Police want more powers to help remove failed asylum seekers
The police would be allowed to conduct a search of an asylum seeker and their home to try to find "hidden" identity documents under new proposals submitted to the government to try to remove more rejected asylum seekers from the country.
The Migration Agency, the Police and the Prison and Probation Service were asked by the government to come up with suggestions for how to make it easier to deport those who have had their asylum claims rejected but refused to leave Sweden voluntarily.
At this stage, they are proposals and there is no guarantee that they would come into use.
The proposals include:
- Body searches for "hidden" identity documents at the Swedish border
- House searches for “hidden” identity documents
- Better coordination between authorities, including the easing of privacy restrictions
- Extending the travel ban to the Schengen area for rejected asylum seekers who refused to leave Sweden to more than five years
- Simplified regulations for when people are taken into custody at the border
- An obligation to tell the Migration Agency where they are
A record 163,000 people applied for asylum in 2015 and the Migration Agency expects to make 108,000 decisions in total this year.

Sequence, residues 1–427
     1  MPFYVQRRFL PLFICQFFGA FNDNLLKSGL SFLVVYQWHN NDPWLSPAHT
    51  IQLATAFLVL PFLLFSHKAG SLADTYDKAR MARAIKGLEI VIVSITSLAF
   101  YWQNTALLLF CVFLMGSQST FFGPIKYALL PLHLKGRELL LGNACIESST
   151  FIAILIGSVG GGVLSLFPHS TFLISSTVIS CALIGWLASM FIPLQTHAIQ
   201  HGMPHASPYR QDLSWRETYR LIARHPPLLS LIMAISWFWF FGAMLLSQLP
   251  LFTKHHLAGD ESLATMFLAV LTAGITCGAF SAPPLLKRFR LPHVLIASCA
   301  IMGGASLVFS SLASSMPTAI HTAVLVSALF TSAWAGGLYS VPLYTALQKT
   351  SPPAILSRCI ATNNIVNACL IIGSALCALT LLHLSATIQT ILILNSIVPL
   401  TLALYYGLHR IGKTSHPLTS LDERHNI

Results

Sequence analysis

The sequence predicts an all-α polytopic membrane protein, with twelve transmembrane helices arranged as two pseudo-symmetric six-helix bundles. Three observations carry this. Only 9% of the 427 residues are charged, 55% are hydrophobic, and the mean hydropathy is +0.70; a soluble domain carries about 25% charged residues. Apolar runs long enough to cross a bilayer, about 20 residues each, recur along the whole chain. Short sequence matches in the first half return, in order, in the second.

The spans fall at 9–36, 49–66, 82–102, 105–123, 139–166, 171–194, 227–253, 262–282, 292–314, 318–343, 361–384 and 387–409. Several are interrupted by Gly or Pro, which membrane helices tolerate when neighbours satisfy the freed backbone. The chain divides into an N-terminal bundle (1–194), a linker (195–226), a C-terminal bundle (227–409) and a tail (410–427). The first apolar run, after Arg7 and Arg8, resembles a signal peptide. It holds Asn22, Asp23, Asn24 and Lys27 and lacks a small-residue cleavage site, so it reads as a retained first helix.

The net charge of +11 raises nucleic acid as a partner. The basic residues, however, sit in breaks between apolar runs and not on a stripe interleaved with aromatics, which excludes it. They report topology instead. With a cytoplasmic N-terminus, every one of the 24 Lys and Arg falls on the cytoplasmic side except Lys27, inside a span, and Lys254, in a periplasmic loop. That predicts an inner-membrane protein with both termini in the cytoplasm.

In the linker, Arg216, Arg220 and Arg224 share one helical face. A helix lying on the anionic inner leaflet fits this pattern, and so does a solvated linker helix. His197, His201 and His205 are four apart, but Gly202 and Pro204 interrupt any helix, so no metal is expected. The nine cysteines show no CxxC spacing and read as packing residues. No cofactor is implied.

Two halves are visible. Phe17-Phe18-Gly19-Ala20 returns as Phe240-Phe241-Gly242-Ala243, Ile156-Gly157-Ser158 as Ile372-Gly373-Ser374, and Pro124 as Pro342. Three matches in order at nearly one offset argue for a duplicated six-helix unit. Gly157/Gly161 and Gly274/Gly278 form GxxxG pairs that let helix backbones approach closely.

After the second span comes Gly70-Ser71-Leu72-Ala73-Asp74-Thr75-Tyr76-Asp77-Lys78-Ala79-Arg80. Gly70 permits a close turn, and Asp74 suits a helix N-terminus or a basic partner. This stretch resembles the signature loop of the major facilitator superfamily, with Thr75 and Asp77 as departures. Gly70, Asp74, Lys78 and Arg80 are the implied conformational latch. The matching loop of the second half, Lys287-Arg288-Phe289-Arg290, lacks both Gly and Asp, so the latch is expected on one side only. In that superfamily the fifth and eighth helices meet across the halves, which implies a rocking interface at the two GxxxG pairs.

Last year, Sweden granted asylum in just over half of the cases. The majority of those rejected leave voluntarily. They must do so within four weeks of the expulsion order.
The head of the Border Police, Patrik Engström, told Radio Sweden why people going underground after their asylum claim had been rejected was a concern.
"People who reside illegally, who can't earn a salary legally risk ending up in a kind of parallel society where they're at risk of being exploited as cheap labour, being exploted by landlords, there is a risk of human trafficking but there is also a risk that people, in order to make money, also commit crime, that they are forced to or they choose to," he said.
The proposals have been criticised by some, including Michael Williams of the Swedish Network of Refugee Support Groups.
"It’s a serious stepping up of the methods of the police, which risks frightening people unnecessarily," he told Radio Sweden.
"It's based on the assumption that many have got documents with them in their homes. There is no proof of that, and even though some people may have IDs, that does not necessarily mean they have them in their homes."